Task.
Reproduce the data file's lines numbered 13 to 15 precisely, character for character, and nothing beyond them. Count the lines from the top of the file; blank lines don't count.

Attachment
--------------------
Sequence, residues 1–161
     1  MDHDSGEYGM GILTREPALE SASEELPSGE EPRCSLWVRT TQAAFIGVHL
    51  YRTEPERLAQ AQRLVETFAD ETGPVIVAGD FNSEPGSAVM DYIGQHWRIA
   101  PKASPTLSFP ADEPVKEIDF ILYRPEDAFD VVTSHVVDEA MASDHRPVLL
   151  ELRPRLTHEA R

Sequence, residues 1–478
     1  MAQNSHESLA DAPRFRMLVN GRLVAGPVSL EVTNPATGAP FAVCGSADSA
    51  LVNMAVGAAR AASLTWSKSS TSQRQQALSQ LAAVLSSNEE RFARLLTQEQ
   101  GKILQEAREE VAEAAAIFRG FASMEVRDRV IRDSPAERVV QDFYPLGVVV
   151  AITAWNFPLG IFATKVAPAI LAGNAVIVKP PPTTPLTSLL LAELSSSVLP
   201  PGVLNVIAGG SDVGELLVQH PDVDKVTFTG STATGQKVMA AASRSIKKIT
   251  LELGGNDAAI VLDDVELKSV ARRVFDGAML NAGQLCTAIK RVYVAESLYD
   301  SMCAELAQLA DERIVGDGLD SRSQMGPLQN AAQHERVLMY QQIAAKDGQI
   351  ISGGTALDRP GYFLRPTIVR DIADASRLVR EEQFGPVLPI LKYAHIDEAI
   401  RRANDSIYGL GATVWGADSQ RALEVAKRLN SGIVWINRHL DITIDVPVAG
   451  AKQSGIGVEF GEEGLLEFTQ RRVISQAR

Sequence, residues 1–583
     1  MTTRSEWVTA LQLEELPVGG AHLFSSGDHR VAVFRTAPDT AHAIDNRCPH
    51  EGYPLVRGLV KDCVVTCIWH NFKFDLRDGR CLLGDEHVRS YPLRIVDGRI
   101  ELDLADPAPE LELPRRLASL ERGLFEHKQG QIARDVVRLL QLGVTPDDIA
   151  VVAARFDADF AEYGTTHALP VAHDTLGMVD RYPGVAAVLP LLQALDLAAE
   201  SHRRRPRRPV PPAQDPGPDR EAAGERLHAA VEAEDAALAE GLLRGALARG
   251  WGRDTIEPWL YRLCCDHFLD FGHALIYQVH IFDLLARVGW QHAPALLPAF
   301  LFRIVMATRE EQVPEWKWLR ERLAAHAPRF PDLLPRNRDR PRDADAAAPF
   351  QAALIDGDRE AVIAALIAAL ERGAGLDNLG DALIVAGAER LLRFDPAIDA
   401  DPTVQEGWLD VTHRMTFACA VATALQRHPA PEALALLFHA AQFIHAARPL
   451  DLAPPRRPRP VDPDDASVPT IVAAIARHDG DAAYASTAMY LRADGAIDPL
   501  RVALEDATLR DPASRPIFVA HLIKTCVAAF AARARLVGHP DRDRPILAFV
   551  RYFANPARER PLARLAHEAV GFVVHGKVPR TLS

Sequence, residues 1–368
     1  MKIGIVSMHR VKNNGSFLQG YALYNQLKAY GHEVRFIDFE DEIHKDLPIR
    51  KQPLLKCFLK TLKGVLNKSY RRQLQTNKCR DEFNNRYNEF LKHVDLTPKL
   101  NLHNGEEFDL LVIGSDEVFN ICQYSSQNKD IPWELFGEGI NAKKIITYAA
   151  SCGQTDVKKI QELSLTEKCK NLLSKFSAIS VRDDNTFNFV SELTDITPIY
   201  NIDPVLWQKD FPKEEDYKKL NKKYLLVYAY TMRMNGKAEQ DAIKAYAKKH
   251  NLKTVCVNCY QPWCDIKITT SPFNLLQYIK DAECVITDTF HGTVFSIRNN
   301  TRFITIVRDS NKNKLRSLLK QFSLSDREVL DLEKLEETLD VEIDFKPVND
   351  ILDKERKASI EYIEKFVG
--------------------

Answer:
   301  SMCAELAQLA DERIVGDGLD SRSQMGPLQN AAQHERVLMY QQIAAKDGQI
   351  ISGGTALDRP GYFLRPTIVR DIADASRLVR EEQFGPVLPI LKYAHIDEAI
   401  RRANDSIYGL GATVWGADSQ RALEVAKRLN SGIVWINRHL DITIDVPVAG